Pet Tarantula Spiders Diet

By Tammy Dray

Hemera Technologies/AbleStock.com/Getty Images

Once of the most fascinating aspects of owning a pet tarantula is feeding time, though it's not necessarily an experience the squeamish will enjoy. The tarantula likes her dinner live. The key to keeping your pet tarantula healthy is to ensure her bugs are balanced to provide all necessary nutrients.

Yummy Things

Tarantulas are carnivorous -- or, better put, insectivorous. That means their primary diet consists of insects. Crickets are a favorite, but pet tarantulas will eat beetles, moths, houseflies and grasshoppers. Feeding a variety of insects will ensure that your spider gets all the nutrients she needs to stay healthy.

Live Diet

Tarantulas are predators, which means they like to hunt their prey. Although some tarantulas might eat frozen or dead mealworms or crickets, others turn their faces from dead meat. Instead, buy live insects you can drop into the tarantula's habitat and let her eat on her own terms.

Table Manners and Eating Habits

Adult pet tarantulas need to be fed only once a week or every 10 days. Baby and teen tarantulas might need to eat several times a week. Still, going without food for a few days is not a major problem for your spider, even young spiders, so don't worry if you see a cricket still chirping around a few hours after dropping it into the tank. Remove any insect not eaten within 24 hours, though. It can actually be stressful to tarantulas to see live insects hanging around for long periods of time.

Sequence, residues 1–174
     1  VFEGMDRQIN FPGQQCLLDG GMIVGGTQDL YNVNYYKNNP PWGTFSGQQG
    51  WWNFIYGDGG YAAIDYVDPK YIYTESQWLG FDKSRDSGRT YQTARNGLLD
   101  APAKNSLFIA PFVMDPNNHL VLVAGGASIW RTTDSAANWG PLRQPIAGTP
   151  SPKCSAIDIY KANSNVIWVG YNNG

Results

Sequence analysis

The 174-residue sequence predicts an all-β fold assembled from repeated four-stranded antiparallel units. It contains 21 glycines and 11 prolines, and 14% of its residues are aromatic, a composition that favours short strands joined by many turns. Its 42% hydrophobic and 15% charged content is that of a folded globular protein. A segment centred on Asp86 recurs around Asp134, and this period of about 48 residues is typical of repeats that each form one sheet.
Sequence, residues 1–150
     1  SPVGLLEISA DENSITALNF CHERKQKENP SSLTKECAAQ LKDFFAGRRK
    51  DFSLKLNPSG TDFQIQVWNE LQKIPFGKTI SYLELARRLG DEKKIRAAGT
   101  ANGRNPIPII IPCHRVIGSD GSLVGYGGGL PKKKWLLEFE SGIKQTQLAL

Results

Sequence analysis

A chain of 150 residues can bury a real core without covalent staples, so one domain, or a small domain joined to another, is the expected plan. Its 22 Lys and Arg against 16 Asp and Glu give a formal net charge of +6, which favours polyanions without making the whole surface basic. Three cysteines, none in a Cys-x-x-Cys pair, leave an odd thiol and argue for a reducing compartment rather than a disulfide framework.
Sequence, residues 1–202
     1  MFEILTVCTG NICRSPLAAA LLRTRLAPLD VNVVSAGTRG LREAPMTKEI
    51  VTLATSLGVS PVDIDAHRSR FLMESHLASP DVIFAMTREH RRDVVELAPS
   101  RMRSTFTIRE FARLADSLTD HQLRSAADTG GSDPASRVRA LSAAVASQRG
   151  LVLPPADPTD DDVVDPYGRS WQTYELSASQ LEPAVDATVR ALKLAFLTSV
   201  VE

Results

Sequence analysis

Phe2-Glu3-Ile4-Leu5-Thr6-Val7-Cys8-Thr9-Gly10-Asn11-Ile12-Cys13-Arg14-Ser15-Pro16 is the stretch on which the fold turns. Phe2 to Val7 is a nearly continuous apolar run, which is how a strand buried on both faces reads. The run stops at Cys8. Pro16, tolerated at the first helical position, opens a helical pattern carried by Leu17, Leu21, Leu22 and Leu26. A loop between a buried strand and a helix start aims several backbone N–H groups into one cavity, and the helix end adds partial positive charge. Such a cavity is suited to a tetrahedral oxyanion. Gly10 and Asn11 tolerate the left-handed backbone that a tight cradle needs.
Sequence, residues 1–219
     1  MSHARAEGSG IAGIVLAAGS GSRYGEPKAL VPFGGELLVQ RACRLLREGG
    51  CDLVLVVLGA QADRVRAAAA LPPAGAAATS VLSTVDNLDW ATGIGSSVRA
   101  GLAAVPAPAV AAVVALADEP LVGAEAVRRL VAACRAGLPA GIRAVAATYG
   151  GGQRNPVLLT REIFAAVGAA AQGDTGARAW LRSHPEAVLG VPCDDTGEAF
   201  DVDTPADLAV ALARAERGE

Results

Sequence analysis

Special Considerations

When cleaning your tarantula's habitat, check for food remains such as dead insects or parts left behind. Dead animals can attract mold and ants, both of which can be dangerous to your pet tarantula. And you don't want your spider eating rotten food, as this can be quite unhealthy.

Photo Credits

  • Hemera Technologies/AbleStock.com/Getty Images

Author

Tammy Dray has been writing since 1996. She specializes in health, wellness and travel topics and has credits in various publications including Woman's Day, Marie Claire, Adirondack Life and Self. She is also a seasoned independent traveler and a certified personal trainer and nutrition consultant. Dray is pursuing a criminal justice degree at Penn Foster College.